Text-based emails feel more personal. It feels like it is written by a person to another person. As a result, it is great for cold emailing, outreach, and opening conversations with prospects. 

HTML-based emails, on the other hand, look and feel like they have been designed for the masses. Of course, you can use the first name in the email body to make it feel personal.

However, since HTML email templates are largely used for newsletters and broadcast emails that are sent in bulk, they do not have the personal touch that text-based emails have.


The response you get for each type of email would also be different. You can expect more personal replies (or total neglect) to your text-based emails.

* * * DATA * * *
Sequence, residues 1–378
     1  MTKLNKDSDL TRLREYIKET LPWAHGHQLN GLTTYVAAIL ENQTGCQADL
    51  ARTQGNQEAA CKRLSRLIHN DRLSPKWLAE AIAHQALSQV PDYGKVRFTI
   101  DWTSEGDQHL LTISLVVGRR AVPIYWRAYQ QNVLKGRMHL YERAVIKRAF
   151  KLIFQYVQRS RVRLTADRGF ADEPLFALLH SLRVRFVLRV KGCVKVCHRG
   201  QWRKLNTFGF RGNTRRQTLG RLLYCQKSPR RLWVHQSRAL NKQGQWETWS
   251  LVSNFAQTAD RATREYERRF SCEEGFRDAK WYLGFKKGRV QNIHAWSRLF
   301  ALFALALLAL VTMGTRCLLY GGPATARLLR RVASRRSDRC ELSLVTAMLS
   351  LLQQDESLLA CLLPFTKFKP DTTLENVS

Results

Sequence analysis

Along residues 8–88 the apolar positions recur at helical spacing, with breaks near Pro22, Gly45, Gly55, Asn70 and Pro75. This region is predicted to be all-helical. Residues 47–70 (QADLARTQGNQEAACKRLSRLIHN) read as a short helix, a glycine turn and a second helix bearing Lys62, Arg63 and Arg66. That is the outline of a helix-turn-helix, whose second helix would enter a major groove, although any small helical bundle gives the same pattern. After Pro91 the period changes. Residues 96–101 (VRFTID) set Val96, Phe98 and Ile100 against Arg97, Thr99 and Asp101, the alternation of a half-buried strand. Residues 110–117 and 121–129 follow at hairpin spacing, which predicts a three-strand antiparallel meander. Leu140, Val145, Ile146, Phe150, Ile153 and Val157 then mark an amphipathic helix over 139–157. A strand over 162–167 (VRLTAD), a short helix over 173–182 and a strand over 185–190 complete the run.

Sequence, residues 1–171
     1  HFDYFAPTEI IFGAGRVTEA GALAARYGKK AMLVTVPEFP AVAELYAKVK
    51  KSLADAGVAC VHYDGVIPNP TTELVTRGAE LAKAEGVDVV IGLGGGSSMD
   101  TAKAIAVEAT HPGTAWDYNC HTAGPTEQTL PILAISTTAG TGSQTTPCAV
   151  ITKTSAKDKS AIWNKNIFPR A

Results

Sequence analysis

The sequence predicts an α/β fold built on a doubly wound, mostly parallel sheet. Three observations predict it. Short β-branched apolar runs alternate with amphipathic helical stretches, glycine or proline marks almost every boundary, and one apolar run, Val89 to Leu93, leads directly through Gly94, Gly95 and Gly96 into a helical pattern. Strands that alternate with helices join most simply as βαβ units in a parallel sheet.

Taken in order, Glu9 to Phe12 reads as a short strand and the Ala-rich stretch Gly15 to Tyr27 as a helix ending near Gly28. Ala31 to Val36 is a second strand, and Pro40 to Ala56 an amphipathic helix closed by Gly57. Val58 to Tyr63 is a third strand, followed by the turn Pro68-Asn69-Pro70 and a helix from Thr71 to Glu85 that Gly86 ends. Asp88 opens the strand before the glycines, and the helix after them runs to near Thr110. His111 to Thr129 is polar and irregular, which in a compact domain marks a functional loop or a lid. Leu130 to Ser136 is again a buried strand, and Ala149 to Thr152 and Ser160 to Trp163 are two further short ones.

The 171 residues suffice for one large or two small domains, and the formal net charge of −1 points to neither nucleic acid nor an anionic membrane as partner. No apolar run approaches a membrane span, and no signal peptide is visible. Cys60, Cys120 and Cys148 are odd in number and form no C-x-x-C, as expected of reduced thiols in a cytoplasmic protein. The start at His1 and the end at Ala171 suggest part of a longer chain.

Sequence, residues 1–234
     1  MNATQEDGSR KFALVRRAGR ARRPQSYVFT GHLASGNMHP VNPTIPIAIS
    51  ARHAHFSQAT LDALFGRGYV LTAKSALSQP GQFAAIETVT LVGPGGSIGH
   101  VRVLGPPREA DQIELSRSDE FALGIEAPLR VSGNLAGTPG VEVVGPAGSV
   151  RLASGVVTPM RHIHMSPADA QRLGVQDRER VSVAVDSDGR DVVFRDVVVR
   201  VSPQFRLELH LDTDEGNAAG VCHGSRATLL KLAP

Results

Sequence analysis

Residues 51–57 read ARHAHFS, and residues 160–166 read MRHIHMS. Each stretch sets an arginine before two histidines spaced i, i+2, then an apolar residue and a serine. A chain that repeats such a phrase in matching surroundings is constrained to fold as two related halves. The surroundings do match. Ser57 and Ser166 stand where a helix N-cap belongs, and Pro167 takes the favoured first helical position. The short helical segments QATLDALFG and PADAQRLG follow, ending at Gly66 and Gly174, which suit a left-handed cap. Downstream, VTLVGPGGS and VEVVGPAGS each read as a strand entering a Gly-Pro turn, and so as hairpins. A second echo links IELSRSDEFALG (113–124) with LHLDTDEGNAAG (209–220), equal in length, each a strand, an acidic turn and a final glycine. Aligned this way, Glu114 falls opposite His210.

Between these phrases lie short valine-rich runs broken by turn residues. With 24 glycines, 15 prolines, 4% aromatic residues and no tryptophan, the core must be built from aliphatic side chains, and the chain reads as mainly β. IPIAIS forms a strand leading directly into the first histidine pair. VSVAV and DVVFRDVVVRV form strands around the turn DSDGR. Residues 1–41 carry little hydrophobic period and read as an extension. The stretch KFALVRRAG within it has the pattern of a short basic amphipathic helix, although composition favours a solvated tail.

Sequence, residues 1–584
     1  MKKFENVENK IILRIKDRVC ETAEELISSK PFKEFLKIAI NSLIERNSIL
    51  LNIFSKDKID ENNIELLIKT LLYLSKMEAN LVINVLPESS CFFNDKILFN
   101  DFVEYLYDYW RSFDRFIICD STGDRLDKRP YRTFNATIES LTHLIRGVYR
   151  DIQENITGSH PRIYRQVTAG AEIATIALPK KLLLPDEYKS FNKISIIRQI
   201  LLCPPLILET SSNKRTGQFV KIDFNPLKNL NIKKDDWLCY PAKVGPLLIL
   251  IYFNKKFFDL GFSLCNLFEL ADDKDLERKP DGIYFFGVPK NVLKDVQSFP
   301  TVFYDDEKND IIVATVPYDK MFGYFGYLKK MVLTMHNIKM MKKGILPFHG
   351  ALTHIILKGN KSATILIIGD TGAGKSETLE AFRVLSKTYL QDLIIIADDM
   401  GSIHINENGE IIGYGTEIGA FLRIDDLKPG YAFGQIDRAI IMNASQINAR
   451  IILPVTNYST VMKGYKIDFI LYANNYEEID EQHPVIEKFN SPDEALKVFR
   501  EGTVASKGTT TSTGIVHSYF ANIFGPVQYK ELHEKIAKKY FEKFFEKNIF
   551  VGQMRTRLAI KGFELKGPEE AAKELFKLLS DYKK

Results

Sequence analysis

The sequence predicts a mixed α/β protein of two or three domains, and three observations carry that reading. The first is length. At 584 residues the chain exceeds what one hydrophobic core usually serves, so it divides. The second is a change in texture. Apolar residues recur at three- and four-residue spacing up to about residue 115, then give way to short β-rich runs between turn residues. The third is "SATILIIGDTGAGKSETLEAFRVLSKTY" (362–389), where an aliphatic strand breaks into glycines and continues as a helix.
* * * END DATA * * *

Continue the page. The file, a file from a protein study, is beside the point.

HTML emails have a higher chance of being forwarded, shared on social media, and similar engagement actions.

In email marketing, it is necessary to choose the type of email based on the goal you are trying to achieve. 

HTML emails reduce open rate by 25% compared to text letters. Also, adding GIF animation reduces this figure further by 37%. Furthermore, HTML blocks reduce the number of openings by another 25%. It’s suggested to use plain text email over HTML templates. 

Georgy Rysak, SEO manager at Develux

One more thing: Be it text or HTML, ensure that they are both mobile responsive in nature. Most of your readers will be checking your emails on mobile devices.

4. Writing Subject Lines and Email Body

Your email subject line will determine whether your email will be read or not. 47% of email recipients open emails because of catchy subject lines. In fact, subject lines that mention the recipient’s name get higher CTR than those which do not.